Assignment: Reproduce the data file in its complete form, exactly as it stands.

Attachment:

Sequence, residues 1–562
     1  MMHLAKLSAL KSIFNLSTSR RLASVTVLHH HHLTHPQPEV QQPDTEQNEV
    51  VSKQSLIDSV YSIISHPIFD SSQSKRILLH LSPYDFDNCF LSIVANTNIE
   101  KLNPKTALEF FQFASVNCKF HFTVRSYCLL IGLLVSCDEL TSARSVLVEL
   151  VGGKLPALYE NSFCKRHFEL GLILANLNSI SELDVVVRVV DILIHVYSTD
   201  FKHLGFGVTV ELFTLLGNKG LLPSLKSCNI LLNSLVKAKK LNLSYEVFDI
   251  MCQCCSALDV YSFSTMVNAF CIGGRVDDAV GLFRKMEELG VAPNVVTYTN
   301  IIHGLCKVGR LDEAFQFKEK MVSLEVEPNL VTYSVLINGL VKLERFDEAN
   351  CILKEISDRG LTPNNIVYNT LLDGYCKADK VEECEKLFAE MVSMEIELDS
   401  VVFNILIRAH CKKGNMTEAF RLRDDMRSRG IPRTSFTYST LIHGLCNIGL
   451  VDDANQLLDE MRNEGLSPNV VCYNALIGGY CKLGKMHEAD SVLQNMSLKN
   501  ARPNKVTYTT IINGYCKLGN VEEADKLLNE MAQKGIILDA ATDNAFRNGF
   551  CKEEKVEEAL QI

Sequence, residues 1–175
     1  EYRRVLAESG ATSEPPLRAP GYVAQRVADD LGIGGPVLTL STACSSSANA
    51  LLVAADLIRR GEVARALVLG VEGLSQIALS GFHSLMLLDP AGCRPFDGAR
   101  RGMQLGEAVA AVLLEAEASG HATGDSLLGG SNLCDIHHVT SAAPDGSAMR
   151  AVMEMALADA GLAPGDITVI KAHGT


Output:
Sequence, residues 1–562
     1  MMHLAKLSAL KSIFNLSTSR RLASVTVLHH HHLTHPQPEV QQPDTEQNEV
    51  VSKQSLIDSV YSIISHPIFD SSQSKRILLH LSPYDFDNCF LSIVANTNIE
   101  KLNPKTALEF FQFASVNCKF HFTVRSYCLL IGLLVSCDEL TSARSVLVEL
   151  VGGKLPALYE NSFCKRHFEL GLILANLNSI SELDVVVRVV DILIHVYSTD
   201  FKHLGFGVTV ELFTLLGNKG LLPSLKSCNI LLNSLVKAKK LNLSYEVFDI
   251  MCQCCSALDV YSFSTMVNAF CIGGRVDDAV GLFRKMEELG VAPNVVTYTN
   301  IIHGLCKVGR LDEAFQFKEK MVSLEVEPNL VTYSVLINGL VKLERFDEAN
   351  CILKEISDRG LTPNNIVYNT LLDGYCKADK VEECEKLFAE MVSMEIELDS
   401  VVFNILIRAH CKKGNMTEAF RLRDDMRSRG IPRTSFTYST LIHGLCNIGL
   451  VDDANQLLDE MRNEGLSPNV VCYNALIGGY CKLGKMHEAD SVLQNMSLKN
   501  ARPNKVTYTT IINGYCKLGN VEEADKLLNE MAQKGIILDA ATDNAFRNGF
   551  CKEEKVEEAL QI

Sequence, residues 1–175
     1  EYRRVLAESG ATSEPPLRAP GYVAQRVADD LGIGGPVLTL STACSSSANA
    51  LLVAADLIRR GEVARALVLG VEGLSQIALS GFHSLMLLDP AGCRPFDGAR
   101  RGMQLGEAVA AVLLEAEASG HATGDSLLGG SNLCDIHHVT SAAPDGSAMR
   151  AVMEMALADA GLAPGDITVI KAHGT